Monday, August 27, 2012

California UR: Constitutionality Aside, On the Right Track

Catching my breath after WCI last week.  Excellent conference.  Thanks to all those that took time to meet with our team or just swing by the booth. 

While digging through all of the news I missed from last week, I wasn't at all surprised to find a lot of back and forth on California work comp reform.  Of specific interest, however, was the proposal that would allow injured workers to appeal utilization review decisions only through an independent medical review process (and limiting the judiciary's ability to overturn such decisions of the independent review only to cases of fraud or conflict of interest). 

Much of the coverage on this topic has been dominated by questions of constitutionality, legal analysis, memos of such analysis that may or may not have been sent to certain people, etc. All good questions that need to be answered.

But let's look at the practical implications.  The CA UR system is fraught with gamesmanship.  If a UR request results in a non-certification, delivered in an accurate and timely fashion, the response on the part of the injured worker (and his attorney) is often predictable: Request it again... and again... and again... hoping each time that the carrier/employer screws up on a technicality (the decision is a day late or the correspondence isn't sent to all appropriate parties), thus creating an allowance for the care in question.  Obviously, we see this with medication therapy on a daily basis.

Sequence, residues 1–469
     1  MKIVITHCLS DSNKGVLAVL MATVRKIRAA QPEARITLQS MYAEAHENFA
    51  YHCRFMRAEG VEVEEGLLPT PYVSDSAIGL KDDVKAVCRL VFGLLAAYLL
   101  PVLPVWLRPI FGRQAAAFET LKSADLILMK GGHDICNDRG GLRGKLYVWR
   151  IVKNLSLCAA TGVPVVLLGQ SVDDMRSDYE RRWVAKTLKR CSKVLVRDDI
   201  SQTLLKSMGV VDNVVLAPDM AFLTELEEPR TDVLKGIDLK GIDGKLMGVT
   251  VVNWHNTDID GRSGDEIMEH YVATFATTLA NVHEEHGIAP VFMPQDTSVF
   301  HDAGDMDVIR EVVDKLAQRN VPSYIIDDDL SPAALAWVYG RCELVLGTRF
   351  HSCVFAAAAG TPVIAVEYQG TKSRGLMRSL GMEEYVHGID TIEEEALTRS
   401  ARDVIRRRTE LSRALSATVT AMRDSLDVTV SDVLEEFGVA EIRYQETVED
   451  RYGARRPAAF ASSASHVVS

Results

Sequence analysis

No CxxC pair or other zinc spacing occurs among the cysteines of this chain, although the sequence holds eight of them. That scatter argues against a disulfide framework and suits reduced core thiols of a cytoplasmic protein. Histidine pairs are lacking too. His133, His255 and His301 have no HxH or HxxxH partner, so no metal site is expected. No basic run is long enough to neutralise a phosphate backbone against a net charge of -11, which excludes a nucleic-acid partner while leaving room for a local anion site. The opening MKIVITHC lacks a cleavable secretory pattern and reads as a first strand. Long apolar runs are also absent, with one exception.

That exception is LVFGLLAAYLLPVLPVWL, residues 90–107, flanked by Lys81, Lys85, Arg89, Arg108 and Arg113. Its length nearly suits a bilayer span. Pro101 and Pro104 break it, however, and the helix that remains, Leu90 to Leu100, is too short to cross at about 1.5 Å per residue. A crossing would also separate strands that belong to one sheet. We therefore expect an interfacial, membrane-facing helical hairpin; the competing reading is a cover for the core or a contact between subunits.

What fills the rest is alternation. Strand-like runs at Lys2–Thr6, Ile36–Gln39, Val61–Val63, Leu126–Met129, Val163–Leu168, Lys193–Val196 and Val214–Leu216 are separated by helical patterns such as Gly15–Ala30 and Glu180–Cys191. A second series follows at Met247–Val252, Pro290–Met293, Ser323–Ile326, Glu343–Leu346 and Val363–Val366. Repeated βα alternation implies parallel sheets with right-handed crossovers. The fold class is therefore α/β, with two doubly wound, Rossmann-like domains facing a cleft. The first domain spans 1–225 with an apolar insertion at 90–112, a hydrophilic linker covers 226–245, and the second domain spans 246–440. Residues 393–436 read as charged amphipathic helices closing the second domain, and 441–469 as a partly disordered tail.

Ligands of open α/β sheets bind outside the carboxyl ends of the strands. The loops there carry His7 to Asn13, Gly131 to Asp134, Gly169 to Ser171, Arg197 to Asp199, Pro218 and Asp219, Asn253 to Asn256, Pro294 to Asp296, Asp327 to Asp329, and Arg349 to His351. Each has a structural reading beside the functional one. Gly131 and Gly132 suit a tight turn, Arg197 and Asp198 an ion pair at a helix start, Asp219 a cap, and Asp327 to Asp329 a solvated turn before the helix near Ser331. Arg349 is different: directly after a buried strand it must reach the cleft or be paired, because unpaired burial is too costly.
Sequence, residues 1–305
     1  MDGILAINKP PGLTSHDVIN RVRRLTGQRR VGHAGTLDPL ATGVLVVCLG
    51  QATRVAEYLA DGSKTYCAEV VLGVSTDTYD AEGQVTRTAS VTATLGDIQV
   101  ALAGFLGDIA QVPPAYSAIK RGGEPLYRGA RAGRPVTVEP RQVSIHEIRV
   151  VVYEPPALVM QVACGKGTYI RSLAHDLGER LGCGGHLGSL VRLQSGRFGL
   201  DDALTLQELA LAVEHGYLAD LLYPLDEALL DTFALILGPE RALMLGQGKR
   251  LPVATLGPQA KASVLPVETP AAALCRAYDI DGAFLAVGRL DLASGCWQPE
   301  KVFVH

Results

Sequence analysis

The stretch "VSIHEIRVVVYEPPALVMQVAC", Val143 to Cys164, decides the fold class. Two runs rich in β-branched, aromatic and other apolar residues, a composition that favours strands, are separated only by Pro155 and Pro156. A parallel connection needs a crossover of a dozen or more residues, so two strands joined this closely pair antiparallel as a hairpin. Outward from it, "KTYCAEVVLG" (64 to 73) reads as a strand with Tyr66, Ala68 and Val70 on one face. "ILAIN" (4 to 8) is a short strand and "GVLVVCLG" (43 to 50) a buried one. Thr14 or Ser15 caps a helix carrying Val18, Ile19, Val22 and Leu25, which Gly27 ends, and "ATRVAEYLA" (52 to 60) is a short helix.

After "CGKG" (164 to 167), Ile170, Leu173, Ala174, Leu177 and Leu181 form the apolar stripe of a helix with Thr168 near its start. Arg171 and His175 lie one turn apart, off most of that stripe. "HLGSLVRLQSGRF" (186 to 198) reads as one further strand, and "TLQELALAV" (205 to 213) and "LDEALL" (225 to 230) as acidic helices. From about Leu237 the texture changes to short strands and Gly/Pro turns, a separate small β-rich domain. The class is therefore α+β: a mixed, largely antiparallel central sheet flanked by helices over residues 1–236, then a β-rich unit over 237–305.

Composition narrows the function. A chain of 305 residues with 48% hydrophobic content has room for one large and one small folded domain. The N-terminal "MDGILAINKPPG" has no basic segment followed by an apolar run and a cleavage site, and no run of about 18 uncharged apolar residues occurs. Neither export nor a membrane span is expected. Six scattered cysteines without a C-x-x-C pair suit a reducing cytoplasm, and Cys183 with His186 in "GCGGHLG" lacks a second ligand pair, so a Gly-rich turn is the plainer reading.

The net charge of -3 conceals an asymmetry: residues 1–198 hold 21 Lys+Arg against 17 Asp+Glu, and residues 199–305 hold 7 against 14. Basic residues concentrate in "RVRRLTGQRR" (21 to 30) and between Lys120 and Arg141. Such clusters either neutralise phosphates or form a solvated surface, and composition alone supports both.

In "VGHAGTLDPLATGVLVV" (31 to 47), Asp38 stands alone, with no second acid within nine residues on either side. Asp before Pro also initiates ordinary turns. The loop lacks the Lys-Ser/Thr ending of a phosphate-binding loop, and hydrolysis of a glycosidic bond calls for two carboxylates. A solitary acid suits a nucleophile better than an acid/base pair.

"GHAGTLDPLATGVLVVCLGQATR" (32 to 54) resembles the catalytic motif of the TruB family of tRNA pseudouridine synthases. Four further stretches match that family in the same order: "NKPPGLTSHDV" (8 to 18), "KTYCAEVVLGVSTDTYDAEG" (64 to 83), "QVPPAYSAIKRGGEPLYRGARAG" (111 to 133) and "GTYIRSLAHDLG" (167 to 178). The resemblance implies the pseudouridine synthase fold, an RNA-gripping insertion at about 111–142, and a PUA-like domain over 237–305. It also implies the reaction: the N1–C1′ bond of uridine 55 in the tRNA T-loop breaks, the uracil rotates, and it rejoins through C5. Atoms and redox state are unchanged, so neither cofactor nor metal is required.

While the proposal to subject such cases to an independent medical review that has real teeth (i.e., the ability to truly shut down payment for clearly inappropriate care) is a breath of fresh air, even PRIUM's own internal counsel tells me this doesn't pass constitutional muster. 


So let's amend the proposal to allow for slightly more expansive judicial review.  I'm not smart enough to figure out exactly what that means, but I do know that the guiding principle here is a good one: don't overburden the system and the WCAB with frequent and unnecessary review of obviously inappropriate care.

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1 comment:

  1. Agreed Michael - TX has a review process as proposed in CA, but there is review up through the courts. According to my sources, appellate review is almost never taken, so allowing for review in CA should not cause much concern. Eliminate the constitutional issue, permit appeal up the chain, and get the IMR system running.